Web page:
Budding young engineers from Rotorua Primary School have received a much-needed funding boost.
The Year 7 and Year 8 students competed at the New Zealand aquabot competition in March, where they were awarded first equal in the intermediate division, earning them a trip to the competition in the United States for underwater robots.
They will compete at Maryland University in June against 50 schools and more than 150 teams from around the world.
Genesis Energy brought its own underwater robot to the school on Thursday, with engineering manager Andrew Balme on hand to give advice, tips and tricks for remotely-operated underwater vehicles (ROV) before the competition.
"We use ROVs within Genesis for doing inspections, so we've brought one of ours along with us to show them how we use ours," he said.
"The similarities between the two is fascinating to see - just different scales - but at the end of the day it's got the same pieces on it, so that was awesome to see."
The students created an updated version of a previous aquabot for the world championships, which includes some of Aotearoa's colours and koru.
Year 8 student Dilan Moore said the old aquabot was big and bulky.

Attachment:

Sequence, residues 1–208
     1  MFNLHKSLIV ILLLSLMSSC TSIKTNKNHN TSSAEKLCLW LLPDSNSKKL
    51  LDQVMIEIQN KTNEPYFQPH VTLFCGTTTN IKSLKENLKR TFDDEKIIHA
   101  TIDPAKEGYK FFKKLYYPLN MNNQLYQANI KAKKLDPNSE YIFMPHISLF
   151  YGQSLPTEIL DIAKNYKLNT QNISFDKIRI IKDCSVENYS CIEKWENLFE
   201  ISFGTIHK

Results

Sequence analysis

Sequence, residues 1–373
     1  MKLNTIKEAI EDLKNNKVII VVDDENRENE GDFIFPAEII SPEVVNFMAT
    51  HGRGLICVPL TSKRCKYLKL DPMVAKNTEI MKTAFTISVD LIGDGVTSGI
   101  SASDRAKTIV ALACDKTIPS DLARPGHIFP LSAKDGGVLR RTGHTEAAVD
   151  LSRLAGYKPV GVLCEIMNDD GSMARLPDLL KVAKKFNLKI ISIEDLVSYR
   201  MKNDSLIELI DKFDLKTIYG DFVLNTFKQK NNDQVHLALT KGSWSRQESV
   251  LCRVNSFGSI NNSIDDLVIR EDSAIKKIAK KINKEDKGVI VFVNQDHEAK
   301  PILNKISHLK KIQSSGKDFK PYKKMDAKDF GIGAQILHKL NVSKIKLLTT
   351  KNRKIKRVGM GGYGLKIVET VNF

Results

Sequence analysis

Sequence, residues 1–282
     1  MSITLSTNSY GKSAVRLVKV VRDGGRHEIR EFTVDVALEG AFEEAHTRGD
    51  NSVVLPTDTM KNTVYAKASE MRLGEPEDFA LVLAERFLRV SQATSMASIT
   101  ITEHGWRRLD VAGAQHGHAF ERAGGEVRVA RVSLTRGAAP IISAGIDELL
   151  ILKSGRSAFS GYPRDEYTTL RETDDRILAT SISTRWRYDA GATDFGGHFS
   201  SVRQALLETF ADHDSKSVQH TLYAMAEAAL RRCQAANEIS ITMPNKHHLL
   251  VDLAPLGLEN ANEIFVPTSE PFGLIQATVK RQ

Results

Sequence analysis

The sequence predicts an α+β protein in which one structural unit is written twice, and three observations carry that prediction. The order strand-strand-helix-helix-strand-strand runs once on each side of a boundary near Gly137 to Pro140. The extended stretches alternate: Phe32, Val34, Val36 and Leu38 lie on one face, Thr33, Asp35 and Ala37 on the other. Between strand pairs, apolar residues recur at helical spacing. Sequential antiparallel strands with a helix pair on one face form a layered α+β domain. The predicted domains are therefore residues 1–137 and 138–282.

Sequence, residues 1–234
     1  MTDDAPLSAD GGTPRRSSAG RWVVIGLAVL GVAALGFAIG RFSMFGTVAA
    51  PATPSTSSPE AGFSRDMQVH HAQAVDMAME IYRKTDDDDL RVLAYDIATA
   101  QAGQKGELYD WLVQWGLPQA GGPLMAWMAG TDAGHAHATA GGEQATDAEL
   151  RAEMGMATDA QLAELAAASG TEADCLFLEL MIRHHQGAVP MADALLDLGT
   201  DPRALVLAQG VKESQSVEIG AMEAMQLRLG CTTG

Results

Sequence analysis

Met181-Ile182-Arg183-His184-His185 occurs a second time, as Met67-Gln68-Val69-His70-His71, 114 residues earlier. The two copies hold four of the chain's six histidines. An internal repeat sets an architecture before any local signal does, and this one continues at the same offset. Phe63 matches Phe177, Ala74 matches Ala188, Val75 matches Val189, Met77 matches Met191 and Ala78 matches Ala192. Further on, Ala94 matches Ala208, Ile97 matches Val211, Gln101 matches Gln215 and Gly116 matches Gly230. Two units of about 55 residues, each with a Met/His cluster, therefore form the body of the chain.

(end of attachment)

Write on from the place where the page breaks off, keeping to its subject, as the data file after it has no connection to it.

"It was able to pick up things from the bottom of the pool but we really didn't need it this time," he said.
"We decided to cut it down, basically in half.
"We used the front half for our aquabot so that it's both smaller and compact, meaning that it's both faster and easier to pick up things.
"We also put like Māori patterns on it, so we're taking a little bit of Aotearoa over to America so that we can represent our country in a world championship."
Balme said the team used a lot of skill to build the second version of their aquabot.
"I'd love to see them, you know in 10 years time in the industry, potentially working at Genesis," he said.
"I'd like to think that maybe they've learnt a couple of things off us today in terms of how we use ours, and maybe some tricks and tips to give them a better chance, but I think they're going to do really well - very impressed with what they've got.
"We wish the teams all the best over in the States for the competition.
"It's amazing what they've been able to achieve.
"I must say I was a little bit worried that they'd out-skill me, which they definitely have in terms of piloting their aquabot.
"It's great to see they've brought some of their culture into the way they've painted and designed their aquabot.
"Offshore is an amazing opportunity for anyone, and to see kids this young given that opportunity is just real special," he said.
The team has also been busy raising funds for the trip.
Genesis Energy donated $15,000 to the cause, more than doubling the $12,000 already raised through its Givealittle page.